Madsen isn't an advocate for marijuana replacing existing pain medications, but rather complementing them. At one point, he says, his back pain was so severe, it caused him to have a sedentary life, but once he started taking pain meds, he was able to shed 80 pounds and could be active once again.
Madsen brushes off the severity of his pain, especially when compared to the suffering of his mother-in-law or constituents who have talked to him about their trials. Even still, he readily admits there were times during the 2010 legislative session when a pinched nerve caused severe pain and nearly 80 percent of his right arm and shoulder to be paralyzed.
One summer, after his surgeries and subsequently prescriptions for pain medicine, Madsen was working in his yard unaware that a fentanyl patch on his shoulder—meant to slowly release opioid pain relief—had ruptured. He suddenly felt incredibly tired and told his kids he was just going to lie down for a nap and to wake him up later.
Madsen lay down and soon stopped breathing. Luckily, his family was right there and his panicked wife yanked him from the couch to resuscitate him. Ultimately, an ambulance had to be called. Since then, Madsen has learned the difference between too much opiate and too much marijuana, and the difference can be deadly.
If you take too much marijuana, there's likely to be adverse effects, Madsen says, "But you know what? It's not going to stop your breathing. It's not going to stop your heart."
It's a point bolstered by an August 2014 study by the Perelman School of Medicine at the University of Pennsylvania that examined the rate of opioid-overdose deaths between 1999 and 2010 and found that, on average, the 13 states legalizing medical marijuana had a 24.8 percent lower annual opioid-overdose mortality rate.
According to Anna Fondario of the Utah Department of Health, in 2013, Utah ranked seventh nationwide for unintentional and undetermined drug poisoning deaths. That year—the most recent for which data is available—saw 353 Utahns lose their lives related to prescription-drug overdoses, with 270 of those deaths related to opioid prescriptions.
A Utah Blend
Compared to the rest of the nation, Utah is a latecomer when it comes to trailblazing medical-marijuana legislation. That means Utah can take advantage of the experiences of other states. Political-science professor Plume says that most states watched how California implemented its vague medical-pot regulation in 1996 and corrected theirs accordingly. Arizona passed a bill that same year and quickly repealed it to enhance regulations and oversight. In 2012, Plume says Montana repealed its existing medical-marijuana program by a single vote in the state assembly and replaced it with a more detailed program with limited conditions for which medical marijuana could be prescribed.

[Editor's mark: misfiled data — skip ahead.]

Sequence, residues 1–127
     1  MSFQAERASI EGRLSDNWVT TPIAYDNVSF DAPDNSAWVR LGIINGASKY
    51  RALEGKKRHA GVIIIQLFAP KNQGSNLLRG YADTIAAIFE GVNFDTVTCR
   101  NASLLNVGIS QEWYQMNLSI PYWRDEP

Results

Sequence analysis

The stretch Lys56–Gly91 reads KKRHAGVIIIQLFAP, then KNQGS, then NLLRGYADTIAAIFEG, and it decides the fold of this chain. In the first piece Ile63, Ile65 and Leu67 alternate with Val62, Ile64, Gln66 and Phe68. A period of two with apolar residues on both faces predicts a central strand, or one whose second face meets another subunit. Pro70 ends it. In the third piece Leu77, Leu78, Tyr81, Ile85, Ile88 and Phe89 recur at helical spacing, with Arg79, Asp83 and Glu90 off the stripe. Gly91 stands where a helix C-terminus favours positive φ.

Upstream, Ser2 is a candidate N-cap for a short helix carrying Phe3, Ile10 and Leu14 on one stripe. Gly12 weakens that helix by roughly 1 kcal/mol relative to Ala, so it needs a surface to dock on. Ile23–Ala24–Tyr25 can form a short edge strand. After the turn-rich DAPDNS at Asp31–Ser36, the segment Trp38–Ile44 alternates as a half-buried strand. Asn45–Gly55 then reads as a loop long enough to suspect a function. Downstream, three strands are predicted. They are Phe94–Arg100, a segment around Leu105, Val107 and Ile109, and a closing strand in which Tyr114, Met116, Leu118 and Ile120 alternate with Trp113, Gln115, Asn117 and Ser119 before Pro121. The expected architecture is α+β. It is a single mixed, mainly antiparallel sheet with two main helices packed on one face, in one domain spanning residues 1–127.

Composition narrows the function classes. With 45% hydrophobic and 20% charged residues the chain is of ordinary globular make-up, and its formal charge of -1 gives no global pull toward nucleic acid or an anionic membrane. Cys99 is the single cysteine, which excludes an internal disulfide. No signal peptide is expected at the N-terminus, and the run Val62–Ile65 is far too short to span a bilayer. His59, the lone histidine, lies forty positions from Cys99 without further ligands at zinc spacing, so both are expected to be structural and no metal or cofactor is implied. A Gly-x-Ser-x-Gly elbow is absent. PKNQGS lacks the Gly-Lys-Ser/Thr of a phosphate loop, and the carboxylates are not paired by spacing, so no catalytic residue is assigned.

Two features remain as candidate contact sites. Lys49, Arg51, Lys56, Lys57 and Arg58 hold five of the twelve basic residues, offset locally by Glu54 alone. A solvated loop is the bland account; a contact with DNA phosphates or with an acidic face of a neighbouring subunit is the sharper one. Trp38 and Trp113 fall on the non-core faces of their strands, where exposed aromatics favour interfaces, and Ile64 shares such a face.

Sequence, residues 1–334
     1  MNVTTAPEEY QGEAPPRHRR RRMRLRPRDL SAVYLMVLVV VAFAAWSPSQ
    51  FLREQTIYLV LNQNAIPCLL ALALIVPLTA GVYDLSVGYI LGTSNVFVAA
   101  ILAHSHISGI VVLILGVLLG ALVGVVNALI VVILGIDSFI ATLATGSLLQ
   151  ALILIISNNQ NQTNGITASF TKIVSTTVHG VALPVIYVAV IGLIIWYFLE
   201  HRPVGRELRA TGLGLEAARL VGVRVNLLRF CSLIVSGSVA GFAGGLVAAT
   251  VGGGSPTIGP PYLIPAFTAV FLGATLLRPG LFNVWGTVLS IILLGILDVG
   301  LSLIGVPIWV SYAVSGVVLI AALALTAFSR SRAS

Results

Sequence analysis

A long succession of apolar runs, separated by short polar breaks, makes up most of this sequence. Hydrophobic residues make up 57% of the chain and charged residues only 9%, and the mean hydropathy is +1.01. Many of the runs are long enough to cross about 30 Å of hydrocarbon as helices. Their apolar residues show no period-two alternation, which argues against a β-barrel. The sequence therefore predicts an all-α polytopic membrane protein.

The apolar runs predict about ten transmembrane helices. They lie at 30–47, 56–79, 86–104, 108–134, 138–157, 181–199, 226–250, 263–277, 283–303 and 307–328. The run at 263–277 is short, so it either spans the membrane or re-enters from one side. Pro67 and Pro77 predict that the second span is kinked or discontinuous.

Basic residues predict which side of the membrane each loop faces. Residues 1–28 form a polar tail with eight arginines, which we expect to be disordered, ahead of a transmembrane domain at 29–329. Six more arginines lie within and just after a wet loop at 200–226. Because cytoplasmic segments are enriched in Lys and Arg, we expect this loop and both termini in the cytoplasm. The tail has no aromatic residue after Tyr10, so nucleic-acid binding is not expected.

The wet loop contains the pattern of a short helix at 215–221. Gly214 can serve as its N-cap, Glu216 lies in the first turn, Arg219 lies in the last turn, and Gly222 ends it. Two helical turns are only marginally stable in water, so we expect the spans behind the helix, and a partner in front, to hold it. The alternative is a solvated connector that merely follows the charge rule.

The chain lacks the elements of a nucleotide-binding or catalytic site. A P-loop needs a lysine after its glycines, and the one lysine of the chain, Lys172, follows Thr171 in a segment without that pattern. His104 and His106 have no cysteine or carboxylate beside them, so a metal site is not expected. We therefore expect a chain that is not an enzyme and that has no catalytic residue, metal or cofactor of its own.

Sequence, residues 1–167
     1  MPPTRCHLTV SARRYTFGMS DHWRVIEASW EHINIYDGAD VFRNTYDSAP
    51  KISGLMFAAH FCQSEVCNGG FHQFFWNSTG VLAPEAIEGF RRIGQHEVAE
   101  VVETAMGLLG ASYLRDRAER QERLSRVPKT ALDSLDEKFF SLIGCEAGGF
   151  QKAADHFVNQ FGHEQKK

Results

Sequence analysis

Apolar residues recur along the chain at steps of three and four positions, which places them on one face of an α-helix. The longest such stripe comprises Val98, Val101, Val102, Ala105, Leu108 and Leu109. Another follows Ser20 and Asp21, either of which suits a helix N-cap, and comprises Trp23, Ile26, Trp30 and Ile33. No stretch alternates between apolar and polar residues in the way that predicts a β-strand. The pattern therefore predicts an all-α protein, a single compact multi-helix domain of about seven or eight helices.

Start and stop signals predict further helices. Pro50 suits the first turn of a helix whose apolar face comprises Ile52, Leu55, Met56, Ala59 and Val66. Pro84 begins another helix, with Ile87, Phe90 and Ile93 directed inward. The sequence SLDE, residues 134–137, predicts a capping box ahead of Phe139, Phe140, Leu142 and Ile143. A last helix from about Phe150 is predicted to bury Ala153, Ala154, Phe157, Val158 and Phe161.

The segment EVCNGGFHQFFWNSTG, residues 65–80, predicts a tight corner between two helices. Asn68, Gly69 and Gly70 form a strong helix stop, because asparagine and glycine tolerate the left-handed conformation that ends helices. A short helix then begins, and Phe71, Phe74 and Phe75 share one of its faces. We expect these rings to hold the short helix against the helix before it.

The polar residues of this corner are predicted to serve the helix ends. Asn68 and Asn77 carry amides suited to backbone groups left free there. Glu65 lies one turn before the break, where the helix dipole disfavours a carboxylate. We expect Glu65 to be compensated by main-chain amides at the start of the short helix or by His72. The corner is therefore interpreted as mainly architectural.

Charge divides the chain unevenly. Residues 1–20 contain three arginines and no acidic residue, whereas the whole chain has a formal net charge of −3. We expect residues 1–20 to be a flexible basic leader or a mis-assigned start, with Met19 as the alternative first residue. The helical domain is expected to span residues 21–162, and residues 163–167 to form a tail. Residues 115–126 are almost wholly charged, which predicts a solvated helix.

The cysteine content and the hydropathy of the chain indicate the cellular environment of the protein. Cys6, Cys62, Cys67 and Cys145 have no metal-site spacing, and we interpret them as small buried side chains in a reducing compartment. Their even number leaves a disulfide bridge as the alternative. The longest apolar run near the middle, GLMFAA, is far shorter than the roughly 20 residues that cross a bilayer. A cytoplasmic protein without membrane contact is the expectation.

"They're closing the gap between the vague, Wild West of California's medical-marijuana laws and becoming more honed and fact-based," Plume says.
As for the slippery-slope argument that says legalizing medical marijuana will lead to full legalization of marijuana, Plume points out that advocacy organizations are in distinct camps when it comes to medical marijuana versus recreational use of marijuana. While the groups may be supportive, their advocacy work doesn't overlap. Medical-marijuana advocates take great pains to distance themselves from the work of the recreational-use crowd. Utah can also benefit from other studies Plume points out that have shown that crime has not increased with legalized medical marijuana.
While Madsen says his bill borrows much of the language from Nevada and other nearby states, it is a Utah solution, with unique components. Madsen wants to encourage a business in Utah, similar to dispensaries he visited in Colorado, where "you step in, and it's not like Purple Haze—it's just a pharmacy."
Creating a custom Utah model will require more bureaucracy, which only adds to the myriad challenges the idea faces on Capitol Hill. It's all par for the course for a bill with the objective, according to Madsen, to introduce "a small degree of highly regulated freedom." The custom approach would put a Utah spin on the process, especially when it comes to branding. Hopefully that would mean that a new generation of local weed entrepreneurs would be able to give their products Utah-friendly names instead of peddling out-of-state brands like "Charlotte's Web" or "Hells Angels OG."
Maybe something like "Highly Regulated Freedom" perhaps?—since Life Elevated is already taken.